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Tyronn Lue: Cavaliers Replacing Jae Crowder with Tristan Thompson in Starting Lineup

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In the hopes of shoring up one of the worst defenses in the league while shaking the Cleveland Cavaliers from their month-long slump, the Cavs are replacing Jae Crowder with Tristan Thompson in the starting lineup, coach Tyronn Lue said Thursday.

“We’re going to start Tristan,” Lue said. “Jae has been playing good the last few games and it has nothing to do with Jae. He’s been great. He’s all about the right things. He’s all about the team. You hate to make these changes. Not saying it’s permanent, but he’s about the team. Went and talked to him this morning and he said, ‘Whatever is best for the team. I’m all in.'”

Lue said that Thompson’s presence will shift Kevin Love back to his natural position at power forward. He also said Thompson should be able to mesh well with Isaiah Thomas in both covering pick-and-rolls on defense and executing them on offense.

Source: Dave McMenamin of ESPN

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Sources: NBA’s Board of Governors Pass Stricter Tampering Rules

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The NBA Board of Governors passed a stricter package of measures to enforce compliance with tampering and salary cap circumvention, league sources tell ESPN.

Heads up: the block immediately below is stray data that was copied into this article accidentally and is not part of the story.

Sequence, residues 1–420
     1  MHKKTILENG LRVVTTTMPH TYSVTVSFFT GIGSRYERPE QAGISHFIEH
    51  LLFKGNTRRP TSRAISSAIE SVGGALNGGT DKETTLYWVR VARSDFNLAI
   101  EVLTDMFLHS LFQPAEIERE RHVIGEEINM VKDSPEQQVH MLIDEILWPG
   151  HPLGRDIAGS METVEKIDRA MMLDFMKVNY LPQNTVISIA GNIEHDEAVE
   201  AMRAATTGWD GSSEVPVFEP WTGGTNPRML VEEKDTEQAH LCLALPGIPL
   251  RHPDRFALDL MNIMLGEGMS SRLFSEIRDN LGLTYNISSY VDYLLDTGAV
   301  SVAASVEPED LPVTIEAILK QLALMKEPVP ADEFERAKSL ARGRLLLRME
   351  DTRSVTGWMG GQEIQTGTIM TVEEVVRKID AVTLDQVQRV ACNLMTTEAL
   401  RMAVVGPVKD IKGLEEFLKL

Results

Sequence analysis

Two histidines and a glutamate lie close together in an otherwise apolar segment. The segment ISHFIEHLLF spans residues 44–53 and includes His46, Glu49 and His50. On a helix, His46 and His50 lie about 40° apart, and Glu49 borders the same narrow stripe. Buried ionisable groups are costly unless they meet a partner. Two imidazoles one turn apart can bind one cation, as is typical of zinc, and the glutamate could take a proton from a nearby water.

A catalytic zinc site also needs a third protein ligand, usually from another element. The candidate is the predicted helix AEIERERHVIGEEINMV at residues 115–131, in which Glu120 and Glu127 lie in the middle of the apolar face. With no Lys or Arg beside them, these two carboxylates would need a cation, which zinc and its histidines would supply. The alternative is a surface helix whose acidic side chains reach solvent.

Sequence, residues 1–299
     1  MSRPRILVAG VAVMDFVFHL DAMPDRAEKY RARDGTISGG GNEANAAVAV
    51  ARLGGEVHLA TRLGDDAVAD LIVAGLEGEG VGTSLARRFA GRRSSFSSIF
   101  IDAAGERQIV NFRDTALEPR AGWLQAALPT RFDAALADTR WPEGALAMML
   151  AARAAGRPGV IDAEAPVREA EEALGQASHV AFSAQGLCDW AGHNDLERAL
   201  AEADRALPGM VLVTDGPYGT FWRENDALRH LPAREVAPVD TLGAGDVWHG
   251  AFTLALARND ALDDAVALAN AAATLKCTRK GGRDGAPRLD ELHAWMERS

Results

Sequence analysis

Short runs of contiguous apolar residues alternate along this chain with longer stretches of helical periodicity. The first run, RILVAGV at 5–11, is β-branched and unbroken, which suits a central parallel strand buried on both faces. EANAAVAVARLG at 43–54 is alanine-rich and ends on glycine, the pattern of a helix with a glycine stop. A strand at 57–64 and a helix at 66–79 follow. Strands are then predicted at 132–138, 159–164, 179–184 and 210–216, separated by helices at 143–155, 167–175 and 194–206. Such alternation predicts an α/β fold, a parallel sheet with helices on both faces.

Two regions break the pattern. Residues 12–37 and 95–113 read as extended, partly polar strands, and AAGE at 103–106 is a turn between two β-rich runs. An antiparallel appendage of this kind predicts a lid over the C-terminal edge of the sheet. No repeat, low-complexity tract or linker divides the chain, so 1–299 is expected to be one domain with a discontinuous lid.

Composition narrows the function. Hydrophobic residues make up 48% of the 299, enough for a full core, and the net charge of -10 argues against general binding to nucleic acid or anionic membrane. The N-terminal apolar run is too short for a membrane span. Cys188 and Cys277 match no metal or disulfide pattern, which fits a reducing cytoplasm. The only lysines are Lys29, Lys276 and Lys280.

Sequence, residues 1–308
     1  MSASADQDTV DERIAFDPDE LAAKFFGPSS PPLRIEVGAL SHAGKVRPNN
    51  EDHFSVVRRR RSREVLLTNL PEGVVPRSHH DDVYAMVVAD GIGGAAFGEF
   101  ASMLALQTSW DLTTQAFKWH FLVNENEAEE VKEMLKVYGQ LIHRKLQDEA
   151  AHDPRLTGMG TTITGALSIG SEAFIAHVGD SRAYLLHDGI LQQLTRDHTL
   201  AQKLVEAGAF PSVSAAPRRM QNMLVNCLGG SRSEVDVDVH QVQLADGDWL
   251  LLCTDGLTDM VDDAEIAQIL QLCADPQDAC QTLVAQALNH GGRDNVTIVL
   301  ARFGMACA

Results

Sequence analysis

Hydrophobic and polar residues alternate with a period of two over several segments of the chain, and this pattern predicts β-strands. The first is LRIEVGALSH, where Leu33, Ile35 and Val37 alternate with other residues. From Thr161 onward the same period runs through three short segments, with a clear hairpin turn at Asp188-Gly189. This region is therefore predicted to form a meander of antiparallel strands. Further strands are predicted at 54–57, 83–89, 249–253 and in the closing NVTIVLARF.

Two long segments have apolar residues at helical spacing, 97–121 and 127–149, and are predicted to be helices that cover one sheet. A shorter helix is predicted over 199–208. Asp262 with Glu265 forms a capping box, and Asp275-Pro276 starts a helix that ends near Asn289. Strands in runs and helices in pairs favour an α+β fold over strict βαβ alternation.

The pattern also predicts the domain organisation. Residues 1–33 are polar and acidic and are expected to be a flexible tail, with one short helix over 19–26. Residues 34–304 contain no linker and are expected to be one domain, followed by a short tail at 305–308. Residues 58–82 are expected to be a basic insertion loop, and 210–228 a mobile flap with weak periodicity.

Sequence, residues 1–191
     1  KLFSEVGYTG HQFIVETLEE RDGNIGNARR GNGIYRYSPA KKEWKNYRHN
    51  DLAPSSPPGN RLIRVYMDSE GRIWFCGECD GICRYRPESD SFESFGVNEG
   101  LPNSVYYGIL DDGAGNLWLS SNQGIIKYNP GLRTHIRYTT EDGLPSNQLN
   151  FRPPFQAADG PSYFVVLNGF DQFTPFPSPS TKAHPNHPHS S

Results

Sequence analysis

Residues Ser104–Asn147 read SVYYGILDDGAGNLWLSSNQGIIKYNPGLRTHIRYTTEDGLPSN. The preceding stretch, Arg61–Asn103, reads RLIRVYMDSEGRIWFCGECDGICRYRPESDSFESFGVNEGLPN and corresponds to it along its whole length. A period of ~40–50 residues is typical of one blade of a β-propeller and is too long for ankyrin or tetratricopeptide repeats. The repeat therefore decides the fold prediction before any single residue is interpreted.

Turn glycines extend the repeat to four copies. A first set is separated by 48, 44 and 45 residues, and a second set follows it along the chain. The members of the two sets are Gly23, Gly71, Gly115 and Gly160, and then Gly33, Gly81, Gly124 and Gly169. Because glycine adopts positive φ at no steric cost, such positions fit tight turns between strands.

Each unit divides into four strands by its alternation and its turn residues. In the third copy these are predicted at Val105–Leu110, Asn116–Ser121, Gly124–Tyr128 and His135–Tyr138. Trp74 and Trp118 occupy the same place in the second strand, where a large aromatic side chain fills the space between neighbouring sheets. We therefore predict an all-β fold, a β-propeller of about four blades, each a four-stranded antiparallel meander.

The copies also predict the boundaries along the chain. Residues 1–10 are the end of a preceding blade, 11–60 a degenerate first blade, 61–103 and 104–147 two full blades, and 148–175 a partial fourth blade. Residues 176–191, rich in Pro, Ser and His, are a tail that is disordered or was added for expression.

Source: Adrian Wojnarowski on Twitter

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Sources: Thabo Sefolosha, Rockets Agree to Deal

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The Rockets are signing Thabo Sefolosha, league sources say

Source: Marc Stein on Twitter

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Sources: NBA Owners to Vote on New Tampering Rules

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The NBA power brokers descending on New York this week for the league’s board of governors meeting have reacted to the league’s beefed-up anti-tampering proposal with a mix of skepticism about its potential deterrent effect and concerns of privacy.

In conversations with numerous league officials, team owners, general managers and agents, some uncertainty was expressed about the means the NBA might use to investigate alleged rules violations. Atop those concerns for team officials is what league sources insist was commissioner Adam Silver’s toughest decision in bringing new rules to a vote: an annual, random auditing of five teams’ communications with rival front offices and player agents.

In reaction to the blatant disregard of free-agent tampering rules and an angry owners meeting in July, NBA owners are faced with a vote on Friday that could reshape — even if only in mechanics — how the business of player procurement is conducted.

Source: Adrian Wojnarowski and Zach Lowe of ESPN

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